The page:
Jewish groups get most homeland security grants; few Muslim groups apply

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By Barbara Pash

Jewish groups in Maryland received over $1 million in federal grants to protect them from terrorism this year, while Baltimore-area Muslim organizations, which had gotten grants before, did not apply.

The U.S. Department of Homeland Security awards grants annually to nonprofit organizations at high risk for terrorist attacks through its Urban Area Security Initiative program. First awarded in 2008, the grants are for security equipment like alarms, cameras, lighting and fences.

“Primarily, an eligible applicant has to be at high risk for terrorist attack or to have a role in responding to and recovering from a terrorist attack,” said Major Jeff Caslin of the Baltimore County Police and chairman of the Baltimore Urban Area Security Initiative subcommittee that oversees the grant program. Most of this year’s applications came from Jewish organizations.

When grant recipients were announced in July, 15 Jewish organizations in the Baltimore metropolitan area received $902,891. Although the Muslim community has applied for and received these grants in the past, no applications were filed this year.

With approximately 95,000 Jewish residents, the Baltimore metro area has one of the largest Jewish populations proportionately in the country, after New York City and Los Angeles.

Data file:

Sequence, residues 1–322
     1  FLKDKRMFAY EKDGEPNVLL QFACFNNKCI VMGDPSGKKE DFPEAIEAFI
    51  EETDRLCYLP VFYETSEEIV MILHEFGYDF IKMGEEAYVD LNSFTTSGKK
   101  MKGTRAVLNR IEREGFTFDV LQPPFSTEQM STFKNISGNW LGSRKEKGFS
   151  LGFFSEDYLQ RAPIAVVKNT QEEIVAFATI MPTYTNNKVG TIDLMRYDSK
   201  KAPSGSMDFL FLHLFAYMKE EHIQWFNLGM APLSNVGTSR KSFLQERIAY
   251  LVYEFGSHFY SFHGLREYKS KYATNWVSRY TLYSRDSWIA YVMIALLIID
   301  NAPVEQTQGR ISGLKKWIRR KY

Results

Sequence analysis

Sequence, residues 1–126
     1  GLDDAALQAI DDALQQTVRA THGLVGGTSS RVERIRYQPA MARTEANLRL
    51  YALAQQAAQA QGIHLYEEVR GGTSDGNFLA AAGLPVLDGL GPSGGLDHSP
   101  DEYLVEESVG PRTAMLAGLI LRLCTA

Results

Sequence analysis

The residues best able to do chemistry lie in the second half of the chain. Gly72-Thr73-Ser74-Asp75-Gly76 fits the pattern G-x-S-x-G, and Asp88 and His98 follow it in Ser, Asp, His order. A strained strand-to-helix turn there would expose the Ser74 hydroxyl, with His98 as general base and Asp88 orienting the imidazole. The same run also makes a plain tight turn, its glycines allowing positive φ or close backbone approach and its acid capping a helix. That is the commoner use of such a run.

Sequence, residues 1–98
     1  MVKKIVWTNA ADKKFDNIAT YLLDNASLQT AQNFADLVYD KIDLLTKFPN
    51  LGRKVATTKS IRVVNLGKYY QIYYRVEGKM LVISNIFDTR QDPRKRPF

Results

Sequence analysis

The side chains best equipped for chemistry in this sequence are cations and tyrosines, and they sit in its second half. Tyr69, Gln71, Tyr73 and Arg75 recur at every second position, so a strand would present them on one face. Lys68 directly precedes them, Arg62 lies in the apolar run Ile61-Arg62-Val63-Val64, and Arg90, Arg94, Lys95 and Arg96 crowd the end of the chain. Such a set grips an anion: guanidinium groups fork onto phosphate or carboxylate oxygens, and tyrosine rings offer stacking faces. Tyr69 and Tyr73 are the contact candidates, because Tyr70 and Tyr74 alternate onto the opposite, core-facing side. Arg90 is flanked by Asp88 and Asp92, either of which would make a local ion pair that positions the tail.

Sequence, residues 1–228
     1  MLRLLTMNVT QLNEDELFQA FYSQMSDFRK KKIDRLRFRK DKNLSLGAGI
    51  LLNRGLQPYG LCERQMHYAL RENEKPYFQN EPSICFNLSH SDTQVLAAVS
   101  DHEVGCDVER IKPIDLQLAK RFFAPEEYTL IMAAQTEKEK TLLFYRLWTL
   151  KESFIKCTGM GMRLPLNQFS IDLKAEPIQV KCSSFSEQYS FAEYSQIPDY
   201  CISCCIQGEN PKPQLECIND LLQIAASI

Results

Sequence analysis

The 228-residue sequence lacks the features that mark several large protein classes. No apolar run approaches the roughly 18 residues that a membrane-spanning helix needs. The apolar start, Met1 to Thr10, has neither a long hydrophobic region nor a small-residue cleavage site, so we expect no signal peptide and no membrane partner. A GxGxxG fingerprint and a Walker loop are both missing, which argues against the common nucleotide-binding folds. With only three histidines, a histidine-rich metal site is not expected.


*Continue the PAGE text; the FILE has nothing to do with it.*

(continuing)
The Muslim community in the area is much smaller, but it is active and growing, according to Muhammad Jameel, general secretary of the Islamic Society of Baltimore. There are up to 20 mosques around the state, six in Baltimore County, including the Islamic Society, the oldest and one of the largest Muslim organizations in Maryland. The society received a federal nonprofit security grant in 2008, but that was the last year it has applied for one.

Jameel said the application process is complex and cumbersome, and applying for the grant is a challenge. “We are volunteers, and who has time to write the grant?” he said.

Abid Husain, president of the Baltimore County Muslim community, said he was going to try to write a grant, but “I missed the deadline.”

Jameel has recommended that other mosques in Maryland apply for the grants, “but there is a lot of reluctance. We see the need for security but we are afraid, we are cautious,” he said.

As far as Caslin knows, no grant applications have been received from individual mosques.

However, in the nearby National Capital Region, which covers Washington and its Maryland suburbs, in 2010, two Muslim organizations received federal nonprofit security grants:  Islamic Center of Maryland in Gaithersburg and Muslim Community Center in Silver Spring. The other 11 grant-winners were Jewish organizations.

It is not unusual for Jewish organizations to receive the lion’s share of the federal nonprofit security grants, both locally and nationally.

“The grants are tied to international terrorism, and there have been threats to the Jewish community that justify the grants,” said Anthony Guglielmi, director of public affairs for the Baltimore City Police.

Arthur Abramson, executive director of the Baltimore Jewish Council, said, “Jewish institutions are perceived, and very much correctly, as being threatened by national terrorists. There have been incidents in Baltimore.”

The Maryland Emergency Management Agency distributes the federal grants.

Baltimore’s 2010 grant recipients included Jewish congregations, day schools and community organizations. Awards ranged from $4,700 to $75,000.

The Baltimore Jewish Council shepherds Jewish groups through the application process.

“They write them and we vet them to make sure they meet the grant criteria,” Abramson said.

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